Baltimore Sun

Punch­ing ’em like ‘Peanut’

Humphrey’s play mir­ror­ing that of ex-CB Till­man

- By Jonas Shaf­fer Sports · College Sports · American Football · NFL Football · Cincinnati · NFL · Jimmy Smith · M&T Bank · Chicago Metropolitan Area, Illinois · Charles Woodson · Barry Sanders · Peyton Manning · Lamar Jackson · Washington · Earl Thomas · Philadelphia Eagles · Philadelphia · Cleveland · Houston Texans · Marcus Peters · Alabama · Pittsburgh Steelers · Pittsburgh · Mike Tyson · Marlon Humphrey · Dwight Freeney · Washington Redskins · Tavon Young

Mid­way through the fourth quar­ter Sun­day, Cincin­nati Ben­gals wide re­ceiver Mike Thomas was run­ning a sim­ple 12-yard curl route when he did the most dan­ger­ous thing imag­in­able for an NFL re­ceiver: He caught a pass near Mar­lon Humphrey.

Ravens de­fen­sive back Jimmy Smith had heard Ben­gals play­ers warn­ing one an­other: Keep the ball tight around No. 44 or else.

In­side line­backer Pa­trick Queen couldn’t be­lieve that any­one would dare test the All-Pro cor­ner­back. He’d seen enough of Humphrey’s vic­tims to know what he would do: just get down.

But Cincin­nati was trail­ing 20-0, and this was Thomas’ first catch of the game. Surely there was no way he could lose the ball, not when he knew Humphrey was be­hind him.

So Thomas se­cured quar­ter­back Joe Bur­row’s sideline throw, started to turn up­field, felt Humphrey wrap him up and then — well, it hap­pened again. There went the ball, bounc­ing on the M&T Bank Sta­dium grass,

punched loose by the best player on the NFL’s most dis­rup­tive de­fense.

Seven-hun­dred miles away, Charles “Peanut” Till­man chuck­led.

“I won­der what the in­spi­ra­tion was?” the for­mer Bears All-Pro cor­ner­back joked in an interview Wed­nes­day from the Chicago sub­urbs. “Re­ally, it’s just like, ‘Dang, they’re do­ing it. It’s about time.’ ”

Who bet­ter to eval­u­ate the NFL’s reign­ing punch-out king than the man af­ter whom they named the punch? From 2003 to 2015, Till­man forced 44 fum­bles, al­most dou­ble the num­ber of the next-best player in that span (Charles Wood­son, with 23).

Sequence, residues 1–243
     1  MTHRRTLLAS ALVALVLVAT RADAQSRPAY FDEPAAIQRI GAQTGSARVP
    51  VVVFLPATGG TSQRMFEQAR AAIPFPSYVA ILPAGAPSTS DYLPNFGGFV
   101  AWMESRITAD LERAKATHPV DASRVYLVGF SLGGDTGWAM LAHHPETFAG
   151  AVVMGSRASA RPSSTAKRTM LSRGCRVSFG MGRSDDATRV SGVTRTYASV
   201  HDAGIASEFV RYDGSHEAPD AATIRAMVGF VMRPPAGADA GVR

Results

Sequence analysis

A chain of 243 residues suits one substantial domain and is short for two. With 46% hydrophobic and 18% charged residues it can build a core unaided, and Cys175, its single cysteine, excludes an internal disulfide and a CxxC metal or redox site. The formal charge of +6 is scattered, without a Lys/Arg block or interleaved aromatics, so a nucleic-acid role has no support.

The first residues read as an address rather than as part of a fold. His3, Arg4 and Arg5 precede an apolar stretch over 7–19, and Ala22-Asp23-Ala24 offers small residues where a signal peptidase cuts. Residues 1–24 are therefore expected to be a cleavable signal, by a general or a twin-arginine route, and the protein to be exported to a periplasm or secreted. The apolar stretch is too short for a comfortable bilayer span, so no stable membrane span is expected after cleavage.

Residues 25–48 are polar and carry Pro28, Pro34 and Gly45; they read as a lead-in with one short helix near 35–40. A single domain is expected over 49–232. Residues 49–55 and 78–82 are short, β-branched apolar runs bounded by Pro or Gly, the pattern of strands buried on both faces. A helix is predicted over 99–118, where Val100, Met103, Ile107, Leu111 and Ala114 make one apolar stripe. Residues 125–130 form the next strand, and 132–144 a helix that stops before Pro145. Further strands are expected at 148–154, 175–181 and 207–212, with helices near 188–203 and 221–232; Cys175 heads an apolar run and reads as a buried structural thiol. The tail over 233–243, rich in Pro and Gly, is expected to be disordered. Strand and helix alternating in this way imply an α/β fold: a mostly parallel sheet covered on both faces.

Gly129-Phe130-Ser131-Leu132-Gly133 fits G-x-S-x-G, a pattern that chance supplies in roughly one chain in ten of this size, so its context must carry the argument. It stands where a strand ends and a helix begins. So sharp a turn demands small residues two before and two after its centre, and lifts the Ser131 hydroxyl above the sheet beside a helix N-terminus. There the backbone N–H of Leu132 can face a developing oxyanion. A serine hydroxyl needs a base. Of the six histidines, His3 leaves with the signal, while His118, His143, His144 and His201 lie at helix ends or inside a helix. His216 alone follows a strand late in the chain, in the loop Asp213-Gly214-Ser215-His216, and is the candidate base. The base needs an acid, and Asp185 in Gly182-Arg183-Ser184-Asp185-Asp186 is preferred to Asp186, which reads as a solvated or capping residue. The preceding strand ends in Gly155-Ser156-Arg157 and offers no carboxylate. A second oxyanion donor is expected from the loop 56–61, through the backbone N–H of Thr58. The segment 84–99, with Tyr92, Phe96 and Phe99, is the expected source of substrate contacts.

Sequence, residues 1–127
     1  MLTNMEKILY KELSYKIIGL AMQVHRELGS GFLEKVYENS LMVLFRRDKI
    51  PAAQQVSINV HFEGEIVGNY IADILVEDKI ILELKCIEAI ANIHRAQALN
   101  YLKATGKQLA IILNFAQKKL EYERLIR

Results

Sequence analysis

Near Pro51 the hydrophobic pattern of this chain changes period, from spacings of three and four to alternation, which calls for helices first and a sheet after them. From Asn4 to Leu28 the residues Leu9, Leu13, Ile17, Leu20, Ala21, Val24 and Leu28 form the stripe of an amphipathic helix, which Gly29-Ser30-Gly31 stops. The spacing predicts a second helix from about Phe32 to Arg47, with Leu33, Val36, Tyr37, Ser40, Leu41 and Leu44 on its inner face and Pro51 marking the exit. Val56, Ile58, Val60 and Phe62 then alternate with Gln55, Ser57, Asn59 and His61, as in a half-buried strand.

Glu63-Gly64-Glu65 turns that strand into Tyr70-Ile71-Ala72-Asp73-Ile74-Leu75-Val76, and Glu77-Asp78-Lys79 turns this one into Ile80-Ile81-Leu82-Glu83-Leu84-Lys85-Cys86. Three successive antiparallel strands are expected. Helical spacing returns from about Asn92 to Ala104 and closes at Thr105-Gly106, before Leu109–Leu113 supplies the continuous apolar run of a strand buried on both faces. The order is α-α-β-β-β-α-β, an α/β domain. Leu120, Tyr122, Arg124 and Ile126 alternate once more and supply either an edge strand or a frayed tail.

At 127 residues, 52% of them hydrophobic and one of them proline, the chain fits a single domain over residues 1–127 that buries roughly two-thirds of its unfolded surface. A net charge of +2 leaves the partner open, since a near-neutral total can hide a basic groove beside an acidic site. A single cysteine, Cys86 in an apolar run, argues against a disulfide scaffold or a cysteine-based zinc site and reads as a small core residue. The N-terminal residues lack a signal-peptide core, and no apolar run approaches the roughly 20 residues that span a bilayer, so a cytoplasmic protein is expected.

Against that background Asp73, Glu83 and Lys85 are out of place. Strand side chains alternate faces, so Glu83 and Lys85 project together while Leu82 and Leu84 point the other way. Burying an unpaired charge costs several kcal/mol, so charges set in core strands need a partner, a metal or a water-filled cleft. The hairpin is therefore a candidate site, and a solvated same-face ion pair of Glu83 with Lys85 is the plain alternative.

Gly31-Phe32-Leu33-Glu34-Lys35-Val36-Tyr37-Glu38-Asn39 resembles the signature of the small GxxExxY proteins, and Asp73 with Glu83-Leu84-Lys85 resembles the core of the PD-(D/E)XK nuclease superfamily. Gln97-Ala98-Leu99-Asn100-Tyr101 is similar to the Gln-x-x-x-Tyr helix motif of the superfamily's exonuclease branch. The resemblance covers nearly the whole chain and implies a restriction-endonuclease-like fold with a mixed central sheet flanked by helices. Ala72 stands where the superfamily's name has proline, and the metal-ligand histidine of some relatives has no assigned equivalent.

Barry San­ders had his jump cut, Dwight Freeney had his spin move, Pey­ton Man­ning had his pres­nap au­di­bles, but only Till­man’s take­away tal­ent was such that he got an epony­mous honor: the “Peanut Punch.”

For a time af­ter Till­man’s re­tire­ment, Josh Norman was his spir­i­tual suc­ces­sor. Now Humphrey is next in line. His knock­out skills — an NFL-high three forced fum­bles in five games — have made him one of the league’s most feared and best-paid cornerback­s in just his fourth sea­son, a De­fen­sive Player of the Year can­di­date whose right hand can seem just as po­tent as La­mar Jack­son’s.

“Any­time I’m around the ball, I just try to do some­thing, whether it’s a tackle [or] an in­ter­cep­tion,” Humphrey said Nov. 4, af­ter he forced a fum­ble in a win against the

Wash­ing­ton Foot­ball Team. “How­ever we can get a turnover, it’s big for the team.

“We have an­a­lyt­ics guys that show if you can get a turnover here, it equates to this many points and all these dif­fer­ent things. So the big­gest thing that you can have on de­fense is a de­fense that cre­ates turnovers, whether it’s an in­ter­cep­tion or a forced fum­ble or a sack — that’s not a turnover, but it’s still big. What­ever I can do and what­ever the de­fense can do to get a turnover is al­ways huge.”

Even with the Au­gust re­lease of Pro Bowl safety Earl Thomas III and loss of top nickel back Tavon Young (torn ACL), Humphrey and the Ravens (4-1) keep com­ing up with the ball. The de­fense has forced a turnover in 18 straight games en­ter­ing Sun­day’s matchup with the Philadelph­ia Ea­gles (1-3-1), the NFL’s long­est ac­tive such streak and the sec­ond-long­est in franchise his­tory.

The Ravens trail only the Cleve­land Browns (12) this sea­son in to­tal take­aways (10). Humphrey has four of them, in­clud­ing an in­ter­cep­tion on the Browns’ sea­sonopen­ing drive. But his big­gest plays have come when he’s got­ten only one hand — or fist — on the ball.